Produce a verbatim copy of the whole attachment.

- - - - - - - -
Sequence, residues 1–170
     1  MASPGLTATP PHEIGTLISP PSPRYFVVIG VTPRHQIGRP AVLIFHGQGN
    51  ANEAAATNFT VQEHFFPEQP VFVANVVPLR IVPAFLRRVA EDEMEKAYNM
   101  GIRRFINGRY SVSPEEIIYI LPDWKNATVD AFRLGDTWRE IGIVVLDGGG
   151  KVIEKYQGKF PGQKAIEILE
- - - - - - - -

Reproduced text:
Sequence, residues 1–170
     1  MASPGLTATP PHEIGTLISP PSPRYFVVIG VTPRHQIGRP AVLIFHGQGN
    51  ANEAAATNFT VQEHFFPEQP VFVANVVPLR IVPAFLRRVA EDEMEKAYNM
   101  GIRRFINGRY SVSPEEIIYI LPDWKNATVD AFRLGDTWRE IGIVVLDGGG
   151  KVIEKYQGKF PGQKAIEILE